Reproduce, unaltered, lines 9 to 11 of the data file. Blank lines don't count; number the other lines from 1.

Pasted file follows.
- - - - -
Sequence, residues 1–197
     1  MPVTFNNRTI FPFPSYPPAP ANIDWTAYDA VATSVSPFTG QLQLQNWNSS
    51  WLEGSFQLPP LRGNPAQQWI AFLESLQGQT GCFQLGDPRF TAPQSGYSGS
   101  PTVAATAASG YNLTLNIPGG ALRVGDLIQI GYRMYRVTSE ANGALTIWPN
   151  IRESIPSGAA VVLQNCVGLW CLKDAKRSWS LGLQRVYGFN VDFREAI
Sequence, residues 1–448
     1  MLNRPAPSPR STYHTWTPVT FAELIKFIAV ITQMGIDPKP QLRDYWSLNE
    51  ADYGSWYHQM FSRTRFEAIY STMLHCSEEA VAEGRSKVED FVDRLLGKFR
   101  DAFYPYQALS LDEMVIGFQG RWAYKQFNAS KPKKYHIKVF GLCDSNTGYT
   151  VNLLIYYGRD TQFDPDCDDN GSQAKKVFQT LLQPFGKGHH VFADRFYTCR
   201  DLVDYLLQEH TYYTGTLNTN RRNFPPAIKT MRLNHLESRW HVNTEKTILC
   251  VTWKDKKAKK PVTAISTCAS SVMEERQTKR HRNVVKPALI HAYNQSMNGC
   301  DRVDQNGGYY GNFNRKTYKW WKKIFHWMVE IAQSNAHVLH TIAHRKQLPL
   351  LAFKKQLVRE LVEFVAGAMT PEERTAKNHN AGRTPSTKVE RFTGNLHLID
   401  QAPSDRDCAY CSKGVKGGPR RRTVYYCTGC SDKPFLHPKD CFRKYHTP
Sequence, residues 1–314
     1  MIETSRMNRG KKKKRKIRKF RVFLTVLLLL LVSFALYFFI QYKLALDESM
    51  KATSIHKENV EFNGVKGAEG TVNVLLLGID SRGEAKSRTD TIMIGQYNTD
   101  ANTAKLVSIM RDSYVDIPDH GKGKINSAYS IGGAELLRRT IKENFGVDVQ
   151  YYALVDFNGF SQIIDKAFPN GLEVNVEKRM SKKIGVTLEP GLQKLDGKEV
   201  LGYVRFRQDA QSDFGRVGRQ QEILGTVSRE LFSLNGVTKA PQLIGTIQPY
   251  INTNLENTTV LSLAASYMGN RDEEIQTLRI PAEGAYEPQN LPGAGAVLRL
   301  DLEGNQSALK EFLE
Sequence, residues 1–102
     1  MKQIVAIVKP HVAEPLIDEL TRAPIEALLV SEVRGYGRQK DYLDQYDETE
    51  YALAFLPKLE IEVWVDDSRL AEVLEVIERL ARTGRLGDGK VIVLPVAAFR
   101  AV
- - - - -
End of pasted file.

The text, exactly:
   101  DAFYPYQALS LDEMVIGFQG RWAYKQFNAS KPKKYHIKVF GLCDSNTGYT
   151  VNLLIYYGRD TQFDPDCDDN GSQAKKVFQT LLQPFGKGHH VFADRFYTCR
   201  DLVDYLLQEH TYYTGTLNTN RRNFPPAIKT MRLNHLESRW HVNTEKTILC